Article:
With a political crisis gripping Hong Kong society at the moment, it might not be a good time to talk about job perks for young people, many of whom are preoccupied with battling police in the streets.
But then, all of us have got to earn a living, regardless of the social situation.
Startups, those small but highly ambitious companies seeking to find their first billion-dollar funding and stock exchange listing, are a good place to start because they seem suited to the temperament and outlook of young people.
Besides, if you think you have what it takes to conquer the world, then you just might find fulfillment in working for these firms.
Over the past two years, I’ve had the pleasure of working with a few startups, where I’ve personally witnessed how motivated young people can be in these places: they really enjoy their work!
Many startups, because their reason for being is to disrupt the status quo, extend their revolutionary outlook to the way they manage people.
These companies believe that they already have a great idea that is bound to become the Next Big Thing in the world of business and technology. So for them, the biggest challenge is to find the right people to carry out their plans, and be able to retain them.
To that end, many startups would stop at nothing to be able to lure the best and the brightest to work for them.
In Australia, some startups offer incentives that can only be described as jaw-dropping.
According to the Daily Telegraph, these new companies – virtual banks, graphic design studios, delivery firms, etc. – try to lure talent by offering unlimited leave, subsidized university education, casual dress code, and even in-house chefs.
Mobile bank Xinja, the brainchild of ex-National Australia Bank executive Eric Wilson, offers employees unlimited annual leave, free meals and no dress code on top of stock options.
“You can’t expect someone to work their guts out in order to make you rich,” said Wilson, which is why Xinja encourages staff to invest in the company as well.
His ultimate goal, he says, is to make banking a “force of good again” amid a widespread perception that it has been a force of evil for so many years.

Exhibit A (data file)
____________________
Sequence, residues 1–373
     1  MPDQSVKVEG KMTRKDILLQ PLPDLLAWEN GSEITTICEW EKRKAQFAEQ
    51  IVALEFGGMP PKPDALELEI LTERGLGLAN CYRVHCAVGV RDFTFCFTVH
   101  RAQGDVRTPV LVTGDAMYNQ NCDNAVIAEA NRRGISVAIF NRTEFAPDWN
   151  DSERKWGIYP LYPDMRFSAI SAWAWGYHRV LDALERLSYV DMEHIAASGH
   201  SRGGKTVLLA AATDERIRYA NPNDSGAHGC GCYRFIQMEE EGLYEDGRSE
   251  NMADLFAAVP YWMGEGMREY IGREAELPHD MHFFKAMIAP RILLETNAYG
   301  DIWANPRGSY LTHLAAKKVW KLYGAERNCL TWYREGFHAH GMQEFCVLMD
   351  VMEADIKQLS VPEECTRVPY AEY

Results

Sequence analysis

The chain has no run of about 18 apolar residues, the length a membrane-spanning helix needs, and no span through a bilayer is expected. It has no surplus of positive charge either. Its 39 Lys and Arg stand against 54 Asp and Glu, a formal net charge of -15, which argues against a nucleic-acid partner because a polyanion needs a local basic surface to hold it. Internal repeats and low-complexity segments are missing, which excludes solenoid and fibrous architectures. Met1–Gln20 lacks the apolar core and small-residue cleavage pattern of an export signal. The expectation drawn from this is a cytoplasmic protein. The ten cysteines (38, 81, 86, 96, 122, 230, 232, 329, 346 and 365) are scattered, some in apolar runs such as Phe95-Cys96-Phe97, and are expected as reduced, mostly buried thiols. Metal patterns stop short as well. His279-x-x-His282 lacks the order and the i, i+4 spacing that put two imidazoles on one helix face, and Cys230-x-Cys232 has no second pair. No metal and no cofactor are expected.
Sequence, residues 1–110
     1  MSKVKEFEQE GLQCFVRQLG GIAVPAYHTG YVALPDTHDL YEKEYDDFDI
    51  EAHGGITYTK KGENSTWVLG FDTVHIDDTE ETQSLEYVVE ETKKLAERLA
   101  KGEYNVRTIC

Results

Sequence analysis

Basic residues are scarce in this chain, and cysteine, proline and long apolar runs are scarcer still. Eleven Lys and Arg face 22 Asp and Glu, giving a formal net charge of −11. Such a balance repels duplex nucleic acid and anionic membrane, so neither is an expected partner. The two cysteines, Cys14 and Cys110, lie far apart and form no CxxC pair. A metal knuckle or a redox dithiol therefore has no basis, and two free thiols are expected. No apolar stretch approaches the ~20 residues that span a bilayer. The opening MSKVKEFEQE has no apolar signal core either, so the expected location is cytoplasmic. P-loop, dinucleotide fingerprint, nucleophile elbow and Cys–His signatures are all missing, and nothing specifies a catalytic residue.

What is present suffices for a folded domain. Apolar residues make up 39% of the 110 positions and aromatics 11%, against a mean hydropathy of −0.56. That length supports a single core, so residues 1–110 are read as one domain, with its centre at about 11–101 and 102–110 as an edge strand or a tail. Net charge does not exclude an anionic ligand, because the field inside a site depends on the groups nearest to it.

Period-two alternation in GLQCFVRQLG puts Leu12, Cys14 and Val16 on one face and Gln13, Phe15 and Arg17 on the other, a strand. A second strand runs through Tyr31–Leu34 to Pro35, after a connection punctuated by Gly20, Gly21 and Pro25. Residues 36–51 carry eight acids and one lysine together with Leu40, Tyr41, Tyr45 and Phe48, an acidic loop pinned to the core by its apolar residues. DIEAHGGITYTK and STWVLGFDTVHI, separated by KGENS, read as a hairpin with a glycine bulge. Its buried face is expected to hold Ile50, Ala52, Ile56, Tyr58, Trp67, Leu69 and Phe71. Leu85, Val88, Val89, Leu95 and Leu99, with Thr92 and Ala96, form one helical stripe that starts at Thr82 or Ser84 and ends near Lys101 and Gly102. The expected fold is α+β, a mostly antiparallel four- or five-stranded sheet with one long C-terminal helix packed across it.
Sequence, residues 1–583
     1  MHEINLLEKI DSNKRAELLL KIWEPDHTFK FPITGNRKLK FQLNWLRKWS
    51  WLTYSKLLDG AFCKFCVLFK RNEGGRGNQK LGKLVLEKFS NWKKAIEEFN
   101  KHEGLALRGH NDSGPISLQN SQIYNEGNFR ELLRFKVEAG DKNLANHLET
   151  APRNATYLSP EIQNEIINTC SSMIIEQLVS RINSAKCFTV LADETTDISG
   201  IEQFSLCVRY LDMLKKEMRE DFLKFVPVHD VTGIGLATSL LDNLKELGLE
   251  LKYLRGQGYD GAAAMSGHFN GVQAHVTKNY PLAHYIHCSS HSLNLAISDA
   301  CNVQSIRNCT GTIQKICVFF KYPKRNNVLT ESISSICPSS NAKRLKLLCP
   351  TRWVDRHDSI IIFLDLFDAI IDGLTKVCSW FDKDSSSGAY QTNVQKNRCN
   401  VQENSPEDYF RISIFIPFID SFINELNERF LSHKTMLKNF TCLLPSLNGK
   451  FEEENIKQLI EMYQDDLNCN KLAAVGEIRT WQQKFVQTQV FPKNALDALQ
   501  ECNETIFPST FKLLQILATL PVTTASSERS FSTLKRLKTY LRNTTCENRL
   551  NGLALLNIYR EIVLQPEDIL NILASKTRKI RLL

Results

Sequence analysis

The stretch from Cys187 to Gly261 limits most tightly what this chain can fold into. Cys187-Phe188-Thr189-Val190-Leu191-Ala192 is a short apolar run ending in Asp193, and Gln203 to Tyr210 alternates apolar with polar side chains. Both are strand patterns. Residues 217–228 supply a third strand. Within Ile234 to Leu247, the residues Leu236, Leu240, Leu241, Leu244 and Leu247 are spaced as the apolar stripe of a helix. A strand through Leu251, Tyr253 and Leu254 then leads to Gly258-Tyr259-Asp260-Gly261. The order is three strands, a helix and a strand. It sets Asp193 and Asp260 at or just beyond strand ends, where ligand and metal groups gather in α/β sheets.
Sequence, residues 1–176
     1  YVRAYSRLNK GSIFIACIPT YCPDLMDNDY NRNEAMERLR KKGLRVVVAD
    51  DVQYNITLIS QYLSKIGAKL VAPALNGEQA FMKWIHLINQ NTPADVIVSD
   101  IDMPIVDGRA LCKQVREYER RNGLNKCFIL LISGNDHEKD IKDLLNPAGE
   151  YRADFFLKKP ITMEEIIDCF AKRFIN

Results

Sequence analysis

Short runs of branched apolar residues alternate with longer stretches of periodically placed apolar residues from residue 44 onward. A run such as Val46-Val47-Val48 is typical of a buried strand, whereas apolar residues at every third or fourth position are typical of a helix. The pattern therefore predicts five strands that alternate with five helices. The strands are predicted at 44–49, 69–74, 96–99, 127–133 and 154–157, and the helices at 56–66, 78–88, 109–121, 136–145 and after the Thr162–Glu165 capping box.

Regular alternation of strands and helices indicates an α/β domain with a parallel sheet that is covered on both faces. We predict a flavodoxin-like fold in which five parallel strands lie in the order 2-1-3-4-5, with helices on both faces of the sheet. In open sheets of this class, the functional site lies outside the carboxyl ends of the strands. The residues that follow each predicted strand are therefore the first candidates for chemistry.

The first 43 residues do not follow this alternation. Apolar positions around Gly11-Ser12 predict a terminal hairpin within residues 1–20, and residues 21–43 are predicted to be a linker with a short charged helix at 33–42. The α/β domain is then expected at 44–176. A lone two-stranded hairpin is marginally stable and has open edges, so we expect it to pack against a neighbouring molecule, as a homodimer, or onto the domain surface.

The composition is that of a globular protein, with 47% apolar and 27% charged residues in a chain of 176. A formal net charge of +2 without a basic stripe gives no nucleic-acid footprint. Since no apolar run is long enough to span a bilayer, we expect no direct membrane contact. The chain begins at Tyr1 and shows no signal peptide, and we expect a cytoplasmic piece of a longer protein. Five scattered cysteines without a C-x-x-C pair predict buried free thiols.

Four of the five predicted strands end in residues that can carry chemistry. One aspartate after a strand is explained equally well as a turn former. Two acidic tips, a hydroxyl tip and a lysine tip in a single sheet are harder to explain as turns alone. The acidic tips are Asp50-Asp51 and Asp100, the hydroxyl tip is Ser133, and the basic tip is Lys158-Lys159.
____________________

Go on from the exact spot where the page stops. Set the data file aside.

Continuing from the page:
Needless to say, such a messianic corporate mission appeals a lot to young people, who are understandably idealistic.
Wilson said he sometimes finds it hard to get people to take time off because they are so committed to their work.
But they are allowed to take a few months off to recharge. “I love seeing them come back invigorated and regenerated,” he told the newspaper.
Topping LinkedIn’s list of top 25 Australian startups is Judo Bank, another virtual bank.
Chris Bayliss, Judo Bank’s co-founder, told News Corp. that the best people want to work for him because the company is set up like a big bank but focuses on helping small and medium-sized businesses, a segment that is usually ignored by the big banks.
“Talent attracts talent,” Bayliss was quoted as saying. “When you run a company with a serious board and serious investors, then serious bankers want to come and work for you and magic happens.”
Here in Hong Kong, we have a new generation of banks that will start offering virtual banking services later this year. They will certainly need talented people to be a part of their business adventure.
Many startups want to change the world by creating new systems and offering a new way of doing things.
That revolutionary zeal resonates with many young people, who instead of feeling frustrated and disappointed with the world, have chosen to do their bit in changing it.
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